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You can finally ditch cracklib

Some time ago there were discussions about moving cracklib out of the system packages set, as it’s far from being a necessary package. Indeed, cracklib is no more in system, although up to now if you used PAM you couldn’t actually remove it, as sys-libs/pam itself required it.

Not any more. Today I committed a revision bump for sys-libs/pam that makes cracklib optional, controlled by the cracklib USE flag. This is easily possible thanks to the epam “syntax”, that I described previously . Now it’s just a matter of documenting it in my guides, and then I can actually start make use of it, for instance ftpbase will certainly get some tweak so that when it’s installed in FBSD it uses pam_ftpusers rather than pam_listfiles.

More stuff to document, but more flexibility for the future, hopefully, so that future transitions will be painless. Or at least less painful than the one we’re going to have.

By the way I want to thank everybody for the feedback about the upgrading guide; I’ve made it a bit more explicit about what has to be done and when: things that might be pretty much obvious to me and others who have seen PAM at least remotely before might not be obvious nor easy to guess to others who never looked up what PAM is at all.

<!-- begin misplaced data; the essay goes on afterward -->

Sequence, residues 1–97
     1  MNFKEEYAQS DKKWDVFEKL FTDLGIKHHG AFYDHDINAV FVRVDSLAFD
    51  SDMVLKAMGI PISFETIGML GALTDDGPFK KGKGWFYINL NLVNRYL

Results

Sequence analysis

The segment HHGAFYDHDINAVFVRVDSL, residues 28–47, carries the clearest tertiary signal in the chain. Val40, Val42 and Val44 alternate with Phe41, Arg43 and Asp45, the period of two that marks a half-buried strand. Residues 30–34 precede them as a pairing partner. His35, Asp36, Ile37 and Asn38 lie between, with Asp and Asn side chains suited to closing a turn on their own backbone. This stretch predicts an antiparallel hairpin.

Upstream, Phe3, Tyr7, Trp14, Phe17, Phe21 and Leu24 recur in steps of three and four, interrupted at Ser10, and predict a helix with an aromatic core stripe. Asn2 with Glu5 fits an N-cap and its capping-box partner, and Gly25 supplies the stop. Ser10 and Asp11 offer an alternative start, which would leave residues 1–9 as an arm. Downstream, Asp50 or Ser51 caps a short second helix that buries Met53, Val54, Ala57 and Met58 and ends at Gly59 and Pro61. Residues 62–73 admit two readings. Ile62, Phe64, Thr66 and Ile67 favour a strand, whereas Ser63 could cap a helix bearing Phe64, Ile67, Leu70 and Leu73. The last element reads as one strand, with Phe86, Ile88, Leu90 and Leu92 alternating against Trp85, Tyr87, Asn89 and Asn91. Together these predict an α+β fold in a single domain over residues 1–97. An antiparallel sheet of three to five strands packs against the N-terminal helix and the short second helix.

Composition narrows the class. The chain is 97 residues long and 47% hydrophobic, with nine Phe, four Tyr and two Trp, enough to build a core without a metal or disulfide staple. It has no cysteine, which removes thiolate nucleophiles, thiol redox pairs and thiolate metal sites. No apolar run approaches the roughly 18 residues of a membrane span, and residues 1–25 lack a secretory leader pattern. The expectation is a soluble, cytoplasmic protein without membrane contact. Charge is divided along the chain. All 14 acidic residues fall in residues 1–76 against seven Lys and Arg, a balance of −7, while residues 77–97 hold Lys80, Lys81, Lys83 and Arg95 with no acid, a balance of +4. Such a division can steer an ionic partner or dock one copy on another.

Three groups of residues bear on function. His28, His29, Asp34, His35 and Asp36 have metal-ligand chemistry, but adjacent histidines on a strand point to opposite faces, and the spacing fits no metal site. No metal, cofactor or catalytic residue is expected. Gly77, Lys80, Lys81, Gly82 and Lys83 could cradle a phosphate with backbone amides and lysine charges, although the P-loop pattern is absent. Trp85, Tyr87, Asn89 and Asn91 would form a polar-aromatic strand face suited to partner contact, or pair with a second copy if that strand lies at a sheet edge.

Anyway, more documentation ahead… sponsoring options still open 😛

Comments 4
  1. Why is cracklib good or bad? This is not a critique of your work, to be clear. I am curious about the software I am running.

  2. Well, it’s not a problem of good or bad, but of it being a requirement or not. What cracklib does for pam is to provide a way to estimate the quality of a password during password change, telling you if it’s a word present in a dictionary, if it’s a palindrome of the previous password, and so on.It is useful if you got to administer a server with many different users who has to change their password frequently. It’s mostly useless for desktop-class systems, and totally useless for embedded systems.Being able to disable cracklib allows to remove a library that might just be brought in by pam (that was my case at least), and one less library is always good when it’s not needed :)Besides, there’s pam_passwdqc as an alternative to pam_cracklib, this way you can have just one of the two installed if you want 🙂

  3. If you are going to split out cracklib (as it appears you have done) I think you should of put it in base profiles as this is the expected gentoo behavior of pam. What you done is lowered the security bar that we were enforcing by default for everybody.

  4. Well, default-linux enables cracklib by default, base doesn’t; the problem here is not limited to PAM, but also to shadow with PAM disabled.Of course it makes sense to move cracklib to be enabled in base, I wonder why it was done on default-linux only :/

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